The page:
Japan Geoscience Union Meeting 2019

Presentation information

[J] Oral

A (Atmospheric and Hydrospheric Sciences ) » A-AS Atmospheric Sciences, Meteorology & Atmospheric Environment

[A-AS05] Stratosphere-troposphere Processes And their Role in Climate

Wed. May 29, 2019 10:45 AM - 12:15 PM 201B (2F)

convener:Yoshio Kawatani(Japan Agency for Marine-Earth Science and Technology), Shingo Watanabe(Japan Agency for Marine-Earth Science and Technology), Takashi Sekiya(Japan Agency for Marine-Earth Science and Technology), Kaoru Sato(Department of Earth and Planetary Science, Graduate School of Science, The University of Tokyo), Chairperson:Takashi Sekiya

11:30 AM - 11:45 AM

[AAS05-07] Stratosphere-troposphere exchange of ozone and carbon monoxide over the northern Pacific Ocean in northern winter using two chemical reanalysis data sets

*Haosen Xi1, Masatomo Fujiwara1, Kazuyuki Miyazaki2 (1.Graduate School of Environmental Science, Hokkaido University, 2.NASA Jet Propulsion Laboratory, California Institute of Technology, USA)

Keywords:ozone, carbon monoxide, stratosphere troposphere exchange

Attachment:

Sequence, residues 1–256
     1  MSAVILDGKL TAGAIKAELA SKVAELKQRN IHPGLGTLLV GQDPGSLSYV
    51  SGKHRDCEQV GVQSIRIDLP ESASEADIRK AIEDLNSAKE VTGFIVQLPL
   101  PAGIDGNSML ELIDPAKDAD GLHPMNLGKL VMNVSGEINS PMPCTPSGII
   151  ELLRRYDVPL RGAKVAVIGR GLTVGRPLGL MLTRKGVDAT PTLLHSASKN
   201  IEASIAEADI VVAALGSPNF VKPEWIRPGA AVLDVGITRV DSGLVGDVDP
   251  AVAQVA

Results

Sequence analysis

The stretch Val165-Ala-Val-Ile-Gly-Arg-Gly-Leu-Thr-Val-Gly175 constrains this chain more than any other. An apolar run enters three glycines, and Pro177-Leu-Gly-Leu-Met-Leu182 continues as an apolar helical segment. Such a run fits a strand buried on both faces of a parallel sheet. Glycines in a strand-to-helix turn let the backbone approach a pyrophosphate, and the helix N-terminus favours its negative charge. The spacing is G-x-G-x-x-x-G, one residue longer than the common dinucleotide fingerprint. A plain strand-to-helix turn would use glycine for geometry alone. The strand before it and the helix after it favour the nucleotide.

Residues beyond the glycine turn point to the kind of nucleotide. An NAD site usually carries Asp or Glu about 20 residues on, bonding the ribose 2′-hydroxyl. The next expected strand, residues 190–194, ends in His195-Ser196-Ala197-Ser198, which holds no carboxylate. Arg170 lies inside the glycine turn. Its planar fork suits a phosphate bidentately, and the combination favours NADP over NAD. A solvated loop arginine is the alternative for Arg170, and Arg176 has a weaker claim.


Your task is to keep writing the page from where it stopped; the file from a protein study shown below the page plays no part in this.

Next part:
Stratosphere-troposphere exchange (STE) is one of the important factors that determine the distribution of constituents in the troposphere and stratosphere. Two-way airmass exchange between the lower stratosphere and the troposphere occurs in association with mid-latitude weather disturbances, with the net transport from the stratosphere to troposphere. In this study, we analyze the STE over the northern hemisphere Pacific Ocean in northern winter, focusing on transport of ozone and carbon monoxide (CO) using two chemical reanalysis data sets, the Tropospheric Chemical Reanalysis version 1 (TCR-1; Miyazaki et al., 2015) and the Monitoring Atmospheric Composition and Climate (MACC; Inness et al., 2013). The TCR-1 is a 10-year chemical reanalysis data set for the period from 2005 to 2014, while the MACC is for 2003 to 2012. Both reanalyses assimilate major satellite chemistry data during the respective periods. We calculate the amount of CO transported from the troposphere to stratosphere (TST) and ozone transported from the stratosphere to troposphere (STT) on the 350-K isentropic surface, by using 4 PVU potential vorticity to evaluate irreversible transport across the tropopause (e.g., Homeyer and Bowman, 2013). Results from the analysis of TCR-1 data are as follows. The amount of ozone transport per case maximizes in November and minimizes in February, and that in years 2005-2008 is significantly smaller than that in years 2009-2014 with the maximum in the 2010 winter (i.e., from November 2010 to March 2011). The amount of CO transport per case maximizes in March and minimizes in November, and that in years 2005-2009 is significantly larger than that in years 2010-2014 with the maximum in the 2009 winter. Results from MACC data are qualitatively similar. In the presentation we will also show the results with additional criteria for irreversibility by using trajectory calculations.